Artist oil paint is artist oil paint… Dry artist pigments are dry artist pigments… Textured acrylic paste mediums are just that, and they can be colored with either dry pigments or any acrylic paint. The latest trend in “weathering pencils” ignores the fact that water-color pencils and makeup liner pencils have been around forever. Chalk pastels are nothing new, and modelers have been using them from the art supply store forever.

Paint thinners tinted with colored paint have been used as washes for longer than most of the folks here on the Kit Maker Forums have been alive. Shepperd Paine was writing “how to’s” on using commercial antiquing glazes for weathering back in the '70s. Metallic colored Carnuba waxes in small tubes have been sold since at least the early 1970s when I first discovered and used silver Rub 'n Buff to weather drive sprocket teeth and tracks, so AK’s new stuff is nothing really new.

My advice is to appreciate that techniques are NOT tied to proprietary products and can be imitated or replicated using “old school” materials just as well, although perhaps not quite as conveniently. If you’re on a budget or have limited access to vendors, then many of the proprietary weathering products might also save you some money and time in sourcing the artist material analogs.

However, you can mix up your own “Russian Mud” colored dry pigments from regular artist dry pigments, but buying a small pot of Mig’s “Russian Mud” is certainly cheaper than buying several larger bottles of various artist pigments and mixing up you own. On the other hand, if you do buy the artist dry pigments, you’ll have a supply that will last years while offering near infinite color-mixing possibilities.

So, remember that it’s really all about the techniques and not about which brand of stuff you use to achieve the effect.


@SdAufKla Michael says it very well.

Weathering, weathering effects for a model are 75% to 90% percent personal preference. Experiment and develop a process you like and pleases your eye.

Here are 95% of the weathering products I use 95% of the time. Oil washes, oil paint & ground pastel chalk dust. I like mixing artist oils back into my enamel base colors, feels like more control. All based around what Shepherd Paine & Verliden were doing 40 to 50 years ago. One just mixes their own washes and pastels instead of purchasing a prepacked modeling product.

Only one aftermarket product, Mig’s Sand /Dirt because I’m too lazy and it’s messy to mix up dirt, sand, glue, arcylic paint, celu-clay & plaster.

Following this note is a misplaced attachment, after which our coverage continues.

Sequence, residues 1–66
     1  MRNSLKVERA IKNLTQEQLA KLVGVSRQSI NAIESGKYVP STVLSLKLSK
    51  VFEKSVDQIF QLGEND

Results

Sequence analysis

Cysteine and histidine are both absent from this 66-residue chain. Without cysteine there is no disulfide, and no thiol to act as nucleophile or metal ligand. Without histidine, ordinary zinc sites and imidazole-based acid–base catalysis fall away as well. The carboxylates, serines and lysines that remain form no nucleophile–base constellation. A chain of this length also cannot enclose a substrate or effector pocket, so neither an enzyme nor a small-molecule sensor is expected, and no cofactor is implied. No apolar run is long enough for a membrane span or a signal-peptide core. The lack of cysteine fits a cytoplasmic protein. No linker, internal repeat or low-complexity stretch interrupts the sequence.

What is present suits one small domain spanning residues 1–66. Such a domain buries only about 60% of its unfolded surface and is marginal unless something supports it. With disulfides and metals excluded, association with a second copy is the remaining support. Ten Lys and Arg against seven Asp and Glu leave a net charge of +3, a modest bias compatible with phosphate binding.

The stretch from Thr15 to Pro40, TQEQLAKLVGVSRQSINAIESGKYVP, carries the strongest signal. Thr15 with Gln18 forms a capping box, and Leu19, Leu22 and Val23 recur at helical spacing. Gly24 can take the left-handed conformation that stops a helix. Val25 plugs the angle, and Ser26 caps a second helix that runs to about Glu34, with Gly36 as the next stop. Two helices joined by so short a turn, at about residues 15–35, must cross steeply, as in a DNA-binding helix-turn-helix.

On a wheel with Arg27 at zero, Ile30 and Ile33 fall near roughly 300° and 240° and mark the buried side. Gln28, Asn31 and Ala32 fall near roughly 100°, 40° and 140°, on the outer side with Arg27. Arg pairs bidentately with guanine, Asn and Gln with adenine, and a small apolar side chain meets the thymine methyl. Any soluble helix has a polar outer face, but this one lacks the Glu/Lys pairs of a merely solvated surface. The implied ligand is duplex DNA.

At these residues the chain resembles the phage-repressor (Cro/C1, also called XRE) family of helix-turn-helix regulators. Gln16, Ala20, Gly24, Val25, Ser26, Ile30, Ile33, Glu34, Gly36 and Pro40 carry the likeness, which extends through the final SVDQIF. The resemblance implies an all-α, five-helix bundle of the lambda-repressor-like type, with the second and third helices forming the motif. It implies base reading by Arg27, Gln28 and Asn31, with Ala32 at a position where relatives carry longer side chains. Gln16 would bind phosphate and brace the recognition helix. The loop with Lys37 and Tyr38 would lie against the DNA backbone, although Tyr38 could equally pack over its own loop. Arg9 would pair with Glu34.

Other stuff on the work bench that’s occasionally used more oils and some of Mig’s pigments. In my opinion using a pigment directly out of the bottle usually sucks because they look monotone. Mixing a couple of light tone pigs :pig2: together helps make for better pastel BBQ.

I like these aftermarket products and enjoy experimenting with them. They aren’t necessarily needed etc.

Back in the 1980’s and 1990’s before Mig burst onto the scene, I’d say probably 85% of modelers I knew couldn’t mix a good wash. Mig’s products and others have greatly helped the community. Use what works for you and what’s fun to work with for weathering.

I love ye old oil paint wash thinned with Zippo (high grade Naptha) lighter fluid. Likewise, Floquil thinned with Zippo or Mr Color Leveling Thinner. Half the fun to me is mixing my own variety of washes for whatever I want to highlight.


@Armor_Buff @Trisaw @SdAufKla I wasn’t expecting a lot of input, so thanks for taking time to write these replies. I will DEFINETLY put these into use! I have been trying to find the “household” equivalates to a lot of the modeling product I see. But its really the techniques, so ill keep on experimenting!



johnny that flory wash do you use it over a gloss clear or after you flat coat? i build mostly aircraft and have only used it after i gloss coat.i would be concerned it would soak into the flat and not be able to wash/wipe it out of spots i don’t want it in. i also can’t find it here in the US. i have one black wash nearly empty.

@Bomber14 Joe,

I ordered my Flory washes from high altitude hobbies: flory-models-products a few months ago here in the USA.


thanks wade. don’t look like they have much else though. are they reliable?

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Joe, I’ve only ordered once in November 2023 for six of the Flory washes. They shipped in a reasonable time. The order was correct, making a good first impression. They were the only US supplier I found.


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Joe, sadly I am the worst offender when it comes to laying any form of coats down, be it gloss or varnish … times to short for me, so all washes go straight on the last coat of paint … never had an issue doing that way and for the Flory wash, I usually leave it on between 30 to 60 minutes and then do the clean up as per the advice in the links below.

There are various other YouTube links for Flory and how he applies them.

HTH :+1: